Astra Space has applied to the Federal Communications Commission (FCC) the launch more than 13,000 communications satellites into low Earth orbit (LEO), joining SpaceX, OneWeb, Amazon and other companies seeking to provide broadband services across the globe. The application brings the number of proposed satellites in these constellations to more than 79,000.
“The Astra Constellation as proposed would ultimately consist of as many as 13,620 operational LEO satellites, supported by a global network of gateway earth stations utilizing the identified V-band frequency bands for feeder links for space-to-earth transmit and receive,” the company’s application said.
Astra Space’s Rocket 3.3 failed to reach orbit again on Saturday after liftoff from an Alaskan launch site, marking the third straight failure for the now public company.
The booster had a rough take-off, moving laterally in an unusual manner before recovering to fly toward space. Astra Space later revealed that one of the rocket’s five first stage Delphin engines shut down one second after launch. It is not known why the engine failed.
ALAMEDA, Calif., August 12, 2021 (Astra Space PR) — Astra Space, Inc. (Nasdaq: ASTR) today announced financial results for its fiscal second quarter ended June 30, 2021.
“Astra achieved several key milestones in the first half of 2021 to further its mission to improve life on Earth from space,” said CEO, Chairman and Co-Founder Chris Kemp. “Astra obtained significant funding to further our plan for rapid, low-cost access to space by completing the Holicity merger and associated PIPE transaction. We delivered on key customer initiatives by winning our second NASA contract in a row (TROPICS) and signing a long-term launch deal with Planet Labs. And last week, we announced Space Force as our first commercial customer for a test launch planned during a sixteen-day window beginning August 27, 2021. I am pleased with our execution and want to thank the entire Astra team for their dedicated efforts. We all look forward to the upcoming launch.”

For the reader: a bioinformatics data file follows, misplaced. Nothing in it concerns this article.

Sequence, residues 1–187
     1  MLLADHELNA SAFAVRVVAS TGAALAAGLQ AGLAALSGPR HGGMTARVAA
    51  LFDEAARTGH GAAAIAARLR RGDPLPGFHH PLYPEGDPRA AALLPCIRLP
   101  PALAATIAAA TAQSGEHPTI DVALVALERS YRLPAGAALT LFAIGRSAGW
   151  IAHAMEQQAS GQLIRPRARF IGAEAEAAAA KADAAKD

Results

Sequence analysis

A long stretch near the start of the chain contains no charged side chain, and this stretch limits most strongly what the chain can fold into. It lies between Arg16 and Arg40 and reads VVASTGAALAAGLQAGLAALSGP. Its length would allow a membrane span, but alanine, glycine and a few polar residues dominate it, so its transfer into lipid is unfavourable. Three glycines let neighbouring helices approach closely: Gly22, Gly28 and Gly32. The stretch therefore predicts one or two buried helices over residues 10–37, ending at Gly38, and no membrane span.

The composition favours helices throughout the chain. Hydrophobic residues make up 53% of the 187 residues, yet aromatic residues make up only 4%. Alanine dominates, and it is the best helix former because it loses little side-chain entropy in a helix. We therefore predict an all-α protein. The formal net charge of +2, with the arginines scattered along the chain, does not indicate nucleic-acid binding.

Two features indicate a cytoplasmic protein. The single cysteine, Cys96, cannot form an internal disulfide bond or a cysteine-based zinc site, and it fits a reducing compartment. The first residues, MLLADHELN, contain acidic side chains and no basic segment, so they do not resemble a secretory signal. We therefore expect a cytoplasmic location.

Video Caption: The Final System Test, also known as the “hot fire” engine test for Astra’s Launch Vehicle 0006.
Astra is hoping the third time will be a charm.
The publicly-traded launch provider will make another attempt to reach orbit with its Rocket 3 booster late this month from Pacific Spaceport Complex — Alaska on Kodiak Island. The window for the launch attempt opens on Aug. 27 and runs until Sept. 11.
Astra’s first commercial launch includes a payload for the U.S. Space Force (USSF). It is the first of two launches ordered by the military service.
Astra’s two previous orbital launch attempts failed. The first rocket was destroyed shortly after launch in September 2020 after it began to veer off course. A second rocket launched last December reached space but lacked sufficient velocity to enter orbit.
On July 1, Astra became a publicly traded company on the Nasdaq exchange after a merger with Holicity.
Launch provider to become first publicly traded space company on NASDAQ through merger with Holicity
ALAMEDA, Calif., February 2, 2021 – Astra, the fastest privately-funded company in history to demonstrate orbital launch capability, and Holicity Inc. (NASDAQ: HOL) (“Holicity”), a special purpose acquisition company (“SPAC”), today announced a definitive business combination agreement that will result in Astra becoming a publicly traded company. The transaction reflects an implied pro-forma enterprise value for Astra of approximately $2.1 billion. Upon closing, the transaction is expected to provide up to $500 million in cash proceeds, including up to $300 million of cash held in the trust account of Holicity and an upsized $200 million PIPE led by funds and accounts managed by BlackRock.